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To create the eight works that make up “Wild Things: Nature and the Social Imagination,” Sandra Williams cut paper, creating detailed imagery and text in the unforgiving medium in which a tiny mistake can destroy an entire piece.

That alone is impressive. However, it’s only the start of the University of Nebraska-Lincoln art professor’s captivating Lux Center for the Arts solo exhibition that is a master class in execution and informative illumination.

Essentially divided into two parts of four drawings each, Williams’ body of work revolves around the concept of “ecotone,” the area where two communities meet and integrate. Generally, that term applies to the areas where, say, the plains and desert meet a rainforest.

But in Williams’ work, the intersection comes with invasive species placed in a new environment and between man and nature — above and below ground.

The two “Invasive Species” pieces come from the four works rooted in Williams’ residency at the Madre de Dios Biological Research Station located in the Amazon — the place where, because she had to pack all her art materials in and out and couldn’t use with anything with toxicity, she turned to working with cut paper.

“Invasive Species 1: Green Iguana” depicts a highly detailed, colored iguana, not native to the Amazon, climbing up a branch to reach some yellow and orange leaves in a tree, and fauna cut out of black paper.

“Invasive Species 2: Mongoose” packs even more punch, its delicately crafted lettering telling the story of the disastrous introduction of mongooses aimed at killing mice. The mongooses, however, are daytime creatures; the mice come out at night. So the introduction was a failure and, now, many of the mongooses have rabies.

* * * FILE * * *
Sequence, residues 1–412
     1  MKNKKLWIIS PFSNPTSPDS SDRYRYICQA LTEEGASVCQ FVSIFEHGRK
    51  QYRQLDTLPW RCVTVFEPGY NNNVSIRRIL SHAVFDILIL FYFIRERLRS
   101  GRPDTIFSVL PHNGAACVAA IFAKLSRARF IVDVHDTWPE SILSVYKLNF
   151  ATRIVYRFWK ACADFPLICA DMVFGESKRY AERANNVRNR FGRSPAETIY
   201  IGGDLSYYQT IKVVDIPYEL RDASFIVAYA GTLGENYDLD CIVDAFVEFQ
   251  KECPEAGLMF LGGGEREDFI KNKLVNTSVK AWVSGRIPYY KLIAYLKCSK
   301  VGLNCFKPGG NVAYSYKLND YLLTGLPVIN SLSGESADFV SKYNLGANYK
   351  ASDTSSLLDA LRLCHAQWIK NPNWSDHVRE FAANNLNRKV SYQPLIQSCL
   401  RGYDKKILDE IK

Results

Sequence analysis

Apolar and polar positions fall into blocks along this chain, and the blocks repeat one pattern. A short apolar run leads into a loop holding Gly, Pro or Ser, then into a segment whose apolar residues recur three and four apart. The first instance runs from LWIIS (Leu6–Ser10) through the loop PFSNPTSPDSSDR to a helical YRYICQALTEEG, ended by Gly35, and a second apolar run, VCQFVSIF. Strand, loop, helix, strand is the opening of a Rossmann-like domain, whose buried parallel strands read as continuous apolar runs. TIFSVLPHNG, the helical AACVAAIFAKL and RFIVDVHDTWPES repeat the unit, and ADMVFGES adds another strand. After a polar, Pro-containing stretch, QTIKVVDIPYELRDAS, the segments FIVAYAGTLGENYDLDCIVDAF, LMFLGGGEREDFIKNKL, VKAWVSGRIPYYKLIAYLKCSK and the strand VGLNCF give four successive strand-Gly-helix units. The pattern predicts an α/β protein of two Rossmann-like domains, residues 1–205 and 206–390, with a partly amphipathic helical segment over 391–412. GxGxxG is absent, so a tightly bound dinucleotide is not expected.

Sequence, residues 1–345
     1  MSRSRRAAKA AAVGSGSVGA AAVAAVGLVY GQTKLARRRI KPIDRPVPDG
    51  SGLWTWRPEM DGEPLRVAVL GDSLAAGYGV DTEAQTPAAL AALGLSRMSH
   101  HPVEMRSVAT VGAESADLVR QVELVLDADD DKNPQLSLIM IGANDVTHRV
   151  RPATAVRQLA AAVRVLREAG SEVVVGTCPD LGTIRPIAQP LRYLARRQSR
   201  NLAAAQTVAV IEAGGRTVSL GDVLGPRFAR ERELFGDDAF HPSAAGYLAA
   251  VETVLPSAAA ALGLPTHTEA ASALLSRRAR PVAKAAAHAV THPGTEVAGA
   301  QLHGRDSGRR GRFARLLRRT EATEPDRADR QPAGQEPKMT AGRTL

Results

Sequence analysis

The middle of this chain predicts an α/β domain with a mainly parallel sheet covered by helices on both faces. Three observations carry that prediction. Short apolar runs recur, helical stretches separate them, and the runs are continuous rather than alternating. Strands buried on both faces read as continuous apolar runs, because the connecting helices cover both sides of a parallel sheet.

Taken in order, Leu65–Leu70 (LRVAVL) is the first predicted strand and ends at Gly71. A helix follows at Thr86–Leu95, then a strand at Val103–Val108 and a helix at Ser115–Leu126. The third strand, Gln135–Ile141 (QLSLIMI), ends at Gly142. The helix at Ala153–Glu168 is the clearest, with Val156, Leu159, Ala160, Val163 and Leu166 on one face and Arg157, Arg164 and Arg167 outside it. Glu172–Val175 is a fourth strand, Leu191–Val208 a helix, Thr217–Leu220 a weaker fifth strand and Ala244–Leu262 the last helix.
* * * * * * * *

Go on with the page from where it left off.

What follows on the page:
The imagery above the wording is a pair of mongooses standing on their back legs. In the middle of the letters, a mouse.

The other two Amazonian pieces are of human interaction — one a fable, the other foreboding.

The fable is “Ukukulia Sevla,” which shows a pigtailed woman dancing with a fox (or some similar creature) their intertwined voices coming together in a brightly colored, floral-patterned cartoonist speech bubble. Surrounding them are the leaves and trees and little animals of the fable about a girl who leaves home to live in the jungle.

The ominous “It’s so beautiful let’s stay forever” is nearly the opposite of the beautiful fable piece. In the multi-layered work, two women are swimming in the river, framed by trees, plants and birds. Below the women, seen through the haze of the layers, are a pair of alligators swimming near their legs. Things are not going to come to a good end.

The second series depicts a disaster of a different order. Titled “Subterranean Fires,” the four pieces tell the story of an underground coal fire that has burned in the Middle Kittanning Coal Seam in southeast Ohio since 1884.

Opening with a piece of black, classical Greek-style vases, covered with text and images, Williams tells the story panel-by-panel of how it was set, and in the final image, a creature emerging from the ground, with the smoke from the chimney of a nearby house reading “Fires still burning.”

The lasting image of the series is a sliced-through-the earth view of a sinkhole that opened up from the fire and pulled down houses and livestock. The black cut paper looks like a graphic novel and conveys the disaster in that fashion.

I’ve been taken by Williams’ cut paper pieces each time I’ve seen them. This time, in multiples and as a intriguingly themed body of work, they are transfixing, which makes “Wild Things: Nature and the Social Imagination” one of 2018's top Lincoln art exhibitions.

Reach the writer at 402-473-7244 or kwolgamott@journalstar.com.

On Twitter @LJSWolgamott.

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Entertainment reporter/columnist

L. Kent Wolgamott is an entertainment reporter and columnist.

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